Vitamin A is a fat soluble vitamin that consists of the Retinoids which includes retinol which is an alcohol form of Vitamin A and retinal which is the aldehyde form of Vitamin A and retinoic acid which is the acid form of Vitamin A.
Vitamin A helps with our:
Vision – helps our eyes adjust to darkness and bright light.
Proper Growth – lack of Vitamin A causes bones to weaken.
Reproduction – helps with sperm production and maintains fertility.
Immunity – helps maintain healthy epithelial tissues that defend us from bacteria, parasites and viral attack. It also supports the generation of T lymphocytes that respond to attack invading infections.
Cell Differentiation – helps stem cells mature into differentiated cells and also makes skin cells and mucous membranes.
Vitamin A is stored by the liver (it stores more than 90%), is deposited in fat tissue, lungs and kidneys.
Recommended Daily Allowance (RDA)
The recommended daily allowance of vitamin A for males aged 14 and up is 100 micrograms RAE per day.
Women aged 14 and up are recommended to take 700 micrograms RAE per day.
Preggers are recommended to take 770 micrograms RAE per day.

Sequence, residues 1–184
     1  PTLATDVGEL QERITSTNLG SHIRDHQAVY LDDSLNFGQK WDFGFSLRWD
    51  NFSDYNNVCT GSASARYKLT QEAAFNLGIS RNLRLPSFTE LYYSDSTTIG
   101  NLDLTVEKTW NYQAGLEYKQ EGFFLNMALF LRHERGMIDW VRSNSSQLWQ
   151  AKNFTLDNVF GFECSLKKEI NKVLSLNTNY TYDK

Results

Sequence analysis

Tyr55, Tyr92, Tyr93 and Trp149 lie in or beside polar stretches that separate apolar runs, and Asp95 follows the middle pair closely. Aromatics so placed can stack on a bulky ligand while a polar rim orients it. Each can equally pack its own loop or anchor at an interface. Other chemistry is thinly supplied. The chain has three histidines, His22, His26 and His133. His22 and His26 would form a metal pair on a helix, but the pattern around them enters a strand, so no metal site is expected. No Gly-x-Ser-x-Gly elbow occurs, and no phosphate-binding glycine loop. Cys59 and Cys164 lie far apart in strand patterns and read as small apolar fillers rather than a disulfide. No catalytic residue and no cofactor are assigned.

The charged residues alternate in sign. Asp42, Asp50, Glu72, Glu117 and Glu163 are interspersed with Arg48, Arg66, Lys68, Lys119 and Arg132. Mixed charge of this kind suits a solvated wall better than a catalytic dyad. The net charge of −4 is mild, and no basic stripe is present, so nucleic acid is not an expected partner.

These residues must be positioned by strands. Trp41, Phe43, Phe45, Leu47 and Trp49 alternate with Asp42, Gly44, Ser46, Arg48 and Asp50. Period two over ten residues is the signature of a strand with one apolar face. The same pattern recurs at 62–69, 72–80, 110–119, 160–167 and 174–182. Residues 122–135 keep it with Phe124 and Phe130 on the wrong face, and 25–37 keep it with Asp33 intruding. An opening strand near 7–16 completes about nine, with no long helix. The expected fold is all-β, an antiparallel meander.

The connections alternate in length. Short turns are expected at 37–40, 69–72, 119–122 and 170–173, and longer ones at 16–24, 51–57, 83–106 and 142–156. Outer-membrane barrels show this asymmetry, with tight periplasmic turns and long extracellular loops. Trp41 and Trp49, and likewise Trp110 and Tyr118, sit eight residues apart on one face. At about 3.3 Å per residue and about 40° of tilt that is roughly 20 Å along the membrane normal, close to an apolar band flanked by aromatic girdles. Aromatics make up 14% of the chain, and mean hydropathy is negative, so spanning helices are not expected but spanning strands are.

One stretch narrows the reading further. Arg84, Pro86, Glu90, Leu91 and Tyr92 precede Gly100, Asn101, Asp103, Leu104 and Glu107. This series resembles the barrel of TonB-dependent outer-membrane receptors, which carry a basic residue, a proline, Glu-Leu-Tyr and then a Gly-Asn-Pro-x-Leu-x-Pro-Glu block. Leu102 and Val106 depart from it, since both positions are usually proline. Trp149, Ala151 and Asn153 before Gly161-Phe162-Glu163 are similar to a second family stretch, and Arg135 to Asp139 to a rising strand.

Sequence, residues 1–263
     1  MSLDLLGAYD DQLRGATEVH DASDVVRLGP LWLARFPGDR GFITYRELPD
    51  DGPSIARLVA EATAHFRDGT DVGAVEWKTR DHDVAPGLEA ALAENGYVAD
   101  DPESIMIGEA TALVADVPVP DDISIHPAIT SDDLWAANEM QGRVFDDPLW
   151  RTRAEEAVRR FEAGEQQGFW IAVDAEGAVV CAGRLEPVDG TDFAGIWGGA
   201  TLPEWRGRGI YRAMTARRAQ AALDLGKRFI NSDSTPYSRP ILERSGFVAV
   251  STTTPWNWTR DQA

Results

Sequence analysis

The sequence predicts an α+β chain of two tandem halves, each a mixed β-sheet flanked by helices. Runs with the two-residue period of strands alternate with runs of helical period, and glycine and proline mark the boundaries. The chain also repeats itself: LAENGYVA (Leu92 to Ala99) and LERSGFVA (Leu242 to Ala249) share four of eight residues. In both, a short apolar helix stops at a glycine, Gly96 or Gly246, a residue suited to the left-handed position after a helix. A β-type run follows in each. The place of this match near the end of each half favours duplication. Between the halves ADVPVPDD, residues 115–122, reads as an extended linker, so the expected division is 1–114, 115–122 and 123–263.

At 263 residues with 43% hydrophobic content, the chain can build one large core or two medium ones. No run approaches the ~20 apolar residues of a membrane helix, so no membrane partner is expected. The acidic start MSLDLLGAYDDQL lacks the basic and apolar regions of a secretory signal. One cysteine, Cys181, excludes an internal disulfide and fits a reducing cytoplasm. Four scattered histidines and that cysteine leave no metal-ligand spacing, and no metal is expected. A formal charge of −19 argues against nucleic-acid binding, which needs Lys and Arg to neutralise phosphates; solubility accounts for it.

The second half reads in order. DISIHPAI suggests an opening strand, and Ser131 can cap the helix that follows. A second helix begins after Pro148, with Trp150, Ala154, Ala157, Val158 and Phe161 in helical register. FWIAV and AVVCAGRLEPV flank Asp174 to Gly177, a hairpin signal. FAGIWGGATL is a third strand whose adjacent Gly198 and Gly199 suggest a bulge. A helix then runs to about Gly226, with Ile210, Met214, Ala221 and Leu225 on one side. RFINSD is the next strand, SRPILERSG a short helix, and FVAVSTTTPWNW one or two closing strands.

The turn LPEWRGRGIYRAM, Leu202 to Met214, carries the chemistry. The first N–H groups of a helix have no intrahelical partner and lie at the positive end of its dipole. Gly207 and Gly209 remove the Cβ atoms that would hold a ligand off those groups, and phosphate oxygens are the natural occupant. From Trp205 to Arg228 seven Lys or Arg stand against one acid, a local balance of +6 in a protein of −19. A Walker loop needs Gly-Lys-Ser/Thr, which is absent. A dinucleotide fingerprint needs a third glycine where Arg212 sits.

Lactaters are recommended to take 1300 micrograms RAE per day.
Sources of Vitamin A are cooked beef liver, sweet potato, cooked carrots, cooked chicken liver, cooked spinach, raw spinach, cooked collards and raw romaine lettuce. Vegetables that are orange have higher concentrations of beta-carotene and has the highest potential Vitamin A activity.
Fresh watermelon, cooked black-eyed peas, dried plums, cooked green beans, 1%, 2% and nonfat milk are also adequate sources of Vitamin A.
Vitamin A deficiency is rare in the United States. An early sign of deficiency is night blindness. After that, childhood blindness and bone deformities are also signs of deficiency.
Populations that are at-risk for Vitamin A deficiency include newborns, especially if they are premature, impoverished people, especially kids and the elderly, alcoholics, people on certain medications, people with chronic diarrhea, people who have Celiac disease, Chrons disease, Cystic Fibrosis, pancreatic insufficiency and other fat-malabsorption conditions, people who are on severely fat restricted diets, for example, people with anorexia and people with low zinc intake are all at an increased risk of Vitamin A deficiency.
The UI for Vitamin A is 3000 micrograms RAE. Toxicity is infrequent but it happens when people take megadoses of Vitamin A.
Toxicity is not good for people because it causes fatigue, vomiting, abdominal pain, bone and joint pain, appetite loss, skin disorders, headache, blurred or double vision, liver damage and jaundice. Toxicity causes an increased risk for fractures, birth defects such as cleft palate, heart abnormalities and brain malfunction.
Be careful with Vitamin A, it can be dangerous to have too much or too little of this good thing.
USDA.gov. United States Department of Agriculture, 27 Jan. 2012. Web. 27 Jan. 2012. <http://www.fns.usda.gov/tn/Resources/appendd.pdf>.
Insel, Paul M., R. Elaine. Turner, and Don Ross. Nutrition. 3rd ed. Sudbury, MA: Jones and Bartlett, 2007. Print.